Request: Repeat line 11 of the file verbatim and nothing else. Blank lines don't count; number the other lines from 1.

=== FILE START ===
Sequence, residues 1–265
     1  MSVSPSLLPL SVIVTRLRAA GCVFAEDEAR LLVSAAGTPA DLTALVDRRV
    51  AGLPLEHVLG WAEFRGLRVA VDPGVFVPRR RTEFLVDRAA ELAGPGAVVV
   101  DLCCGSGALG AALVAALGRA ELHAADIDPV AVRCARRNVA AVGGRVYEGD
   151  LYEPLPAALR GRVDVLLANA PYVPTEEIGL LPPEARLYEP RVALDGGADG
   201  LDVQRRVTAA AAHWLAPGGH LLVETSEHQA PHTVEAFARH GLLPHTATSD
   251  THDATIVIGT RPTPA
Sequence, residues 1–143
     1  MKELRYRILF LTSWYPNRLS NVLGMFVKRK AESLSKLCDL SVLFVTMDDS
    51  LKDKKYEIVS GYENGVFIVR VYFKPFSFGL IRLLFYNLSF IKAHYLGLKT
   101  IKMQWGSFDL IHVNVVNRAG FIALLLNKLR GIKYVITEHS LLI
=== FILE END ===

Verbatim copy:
   101  IKMQWGSFDL IHVNVVNRAG FIALLLNKLR GIKYVITEHS LLI